The combustion of biogas to generate electricity generates a lot of waste heat, which is often not sufficiently used. Fine-grained legumes, such as lucerne or clover, are important in the crop rotation on organic farms. At the same time, they are a good source of proteins, amino acids and roughage in feed.
Outdoor-dried hay from fine-grained legumes is a risky business due to the weather. Field drying can lead to very high leaf losses, which greatly reduces the protein and amino acid content. This is why fine-grained leg-umes are mown early (see Fig. 1), brought in moist (see Fig. 2) and then dried on the farm in an energy-intensive way.
The approach here is to use the waste heat from biogas combustion for the drying of fine-grained legumes. There are different methods for drying the crop. They all use the warm exhaust air, which is sucked in by a fan and fed to the various processes via air ducts.
Loose plants can be dried with a continuous dryer or in special drying containers with perforated floors (see Fig. 3). For better and more compact storage, the crop should then be compressed into bales (see Fig. 4).
Another option is to press the crop directly in the field, and the bales are then ventilated directly (see Fig. 6). However, the residual moisture in the field must be reduced to a maximum of 20%. The costs for the drying are 8 to 10 € per bale.
• The legumes must be mown early. Then they are chopped with knives in the loader wagon (length 3.5 cm).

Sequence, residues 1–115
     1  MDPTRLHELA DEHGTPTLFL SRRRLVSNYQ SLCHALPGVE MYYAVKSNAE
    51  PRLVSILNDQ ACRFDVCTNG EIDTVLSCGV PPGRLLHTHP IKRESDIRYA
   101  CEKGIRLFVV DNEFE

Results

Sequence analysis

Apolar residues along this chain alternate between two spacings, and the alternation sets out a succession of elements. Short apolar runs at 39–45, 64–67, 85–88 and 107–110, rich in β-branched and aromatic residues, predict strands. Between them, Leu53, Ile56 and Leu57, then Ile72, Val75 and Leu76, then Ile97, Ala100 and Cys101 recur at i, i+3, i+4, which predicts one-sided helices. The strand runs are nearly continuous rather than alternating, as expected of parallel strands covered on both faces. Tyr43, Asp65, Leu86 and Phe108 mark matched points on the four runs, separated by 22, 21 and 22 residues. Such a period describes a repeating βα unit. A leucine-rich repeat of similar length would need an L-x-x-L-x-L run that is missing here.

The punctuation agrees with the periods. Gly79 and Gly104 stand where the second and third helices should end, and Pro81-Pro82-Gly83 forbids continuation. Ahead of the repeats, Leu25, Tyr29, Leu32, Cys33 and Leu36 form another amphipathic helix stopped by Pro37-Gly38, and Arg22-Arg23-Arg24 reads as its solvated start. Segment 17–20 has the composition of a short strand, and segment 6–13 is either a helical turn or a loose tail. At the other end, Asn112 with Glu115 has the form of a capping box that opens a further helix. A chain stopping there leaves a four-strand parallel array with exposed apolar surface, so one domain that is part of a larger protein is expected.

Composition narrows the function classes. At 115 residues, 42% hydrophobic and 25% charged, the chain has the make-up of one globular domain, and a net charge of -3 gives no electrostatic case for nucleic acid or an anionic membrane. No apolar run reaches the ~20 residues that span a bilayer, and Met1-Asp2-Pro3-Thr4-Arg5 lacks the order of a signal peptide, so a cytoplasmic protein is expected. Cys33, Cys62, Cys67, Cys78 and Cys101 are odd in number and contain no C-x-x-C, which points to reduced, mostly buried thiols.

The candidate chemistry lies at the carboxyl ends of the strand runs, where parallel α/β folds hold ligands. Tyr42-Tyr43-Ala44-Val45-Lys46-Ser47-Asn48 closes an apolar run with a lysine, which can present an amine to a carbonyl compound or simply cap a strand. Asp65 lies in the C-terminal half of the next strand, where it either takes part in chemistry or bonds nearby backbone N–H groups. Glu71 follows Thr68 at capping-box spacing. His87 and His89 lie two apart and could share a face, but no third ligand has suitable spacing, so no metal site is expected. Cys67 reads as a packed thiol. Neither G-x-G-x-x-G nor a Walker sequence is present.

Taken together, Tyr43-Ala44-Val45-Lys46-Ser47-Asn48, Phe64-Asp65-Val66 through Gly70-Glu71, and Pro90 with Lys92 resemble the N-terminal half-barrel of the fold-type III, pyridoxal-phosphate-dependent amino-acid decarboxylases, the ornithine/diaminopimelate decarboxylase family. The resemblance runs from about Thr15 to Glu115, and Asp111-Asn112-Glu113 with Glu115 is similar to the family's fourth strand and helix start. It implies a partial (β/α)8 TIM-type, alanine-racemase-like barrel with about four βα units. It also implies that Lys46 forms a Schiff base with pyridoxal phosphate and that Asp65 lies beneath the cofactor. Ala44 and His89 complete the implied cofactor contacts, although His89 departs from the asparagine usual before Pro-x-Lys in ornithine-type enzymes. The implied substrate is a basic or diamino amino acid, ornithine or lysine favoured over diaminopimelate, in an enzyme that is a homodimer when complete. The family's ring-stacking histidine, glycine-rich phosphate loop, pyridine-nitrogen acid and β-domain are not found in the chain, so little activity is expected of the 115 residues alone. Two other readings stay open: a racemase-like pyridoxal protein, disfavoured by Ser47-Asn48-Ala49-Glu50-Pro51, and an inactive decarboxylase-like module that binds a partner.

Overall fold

• As a rule, it is left to dry in the field for one day before being loaded onto wagons. Depending on the weather, two days are also possible to reduce moisture content from 50% to 33%.
• A large loader wagon (see Fig. 2) is always delivered full, which corresponds to one hectare depending on the yield.
• The drying temperature for clover is 79°C on average. The hay runs through the system in 10 to 20 hours, depending on the humidity. The actual residence time in the dryer is 3 to 6 hours.
• The dried clover is baled under high pressure into large square bales weighing around 300 kg (see Fig. 4).
• Instead of using a bale press, the dried hay can be pelleted.
• The fine-grained legumes are mown at the beginning of flowering.
• As long as the crop is still green, it is turned twice on the field.
• In the evening, the hay is rowed. At noon of the following day, the crop is rowed for baling.
• In the afternoon, it is baled. Residual moisture should be between 16-20% and no higher than 22%
• The bales are dried at 40°C for 20 to 24 hours. They must be turned once.
Recommendations for both procedures:
• The dried bales can now be stored and fed directly
• For feeding monogastric animals, the dried legumes should be ground in a mobile grinding and mixing plant (see Fig. 5) and mixed homogeneously into the ration.